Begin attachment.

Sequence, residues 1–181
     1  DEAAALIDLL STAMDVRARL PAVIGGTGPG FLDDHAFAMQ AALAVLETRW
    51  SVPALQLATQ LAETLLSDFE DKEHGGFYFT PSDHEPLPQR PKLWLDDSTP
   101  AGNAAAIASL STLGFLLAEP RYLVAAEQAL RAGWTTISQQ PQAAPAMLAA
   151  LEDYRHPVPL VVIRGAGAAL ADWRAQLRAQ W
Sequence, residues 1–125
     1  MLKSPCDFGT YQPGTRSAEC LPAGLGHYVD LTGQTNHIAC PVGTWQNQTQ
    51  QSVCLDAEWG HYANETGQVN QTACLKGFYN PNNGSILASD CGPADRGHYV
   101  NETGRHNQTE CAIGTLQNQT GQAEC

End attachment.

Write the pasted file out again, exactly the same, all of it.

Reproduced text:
Sequence, residues 1–181
     1  DEAAALIDLL STAMDVRARL PAVIGGTGPG FLDDHAFAMQ AALAVLETRW
    51  SVPALQLATQ LAETLLSDFE DKEHGGFYFT PSDHEPLPQR PKLWLDDSTP
   101  AGNAAAIASL STLGFLLAEP RYLVAAEQAL RAGWTTISQQ PQAAPAMLAA
   151  LEDYRHPVPL VVIRGAGAAL ADWRAQLRAQ W
Sequence, residues 1–125
     1  MLKSPCDFGT YQPGTRSAEC LPAGLGHYVD LTGQTNHIAC PVGTWQNQTQ
    51  QSVCLDAEWG HYANETGQVN QTACLKGFYN PNNGSILASD CGPADRGHYV
   101  NETGRHNQTE CAIGTLQNQT GQAEC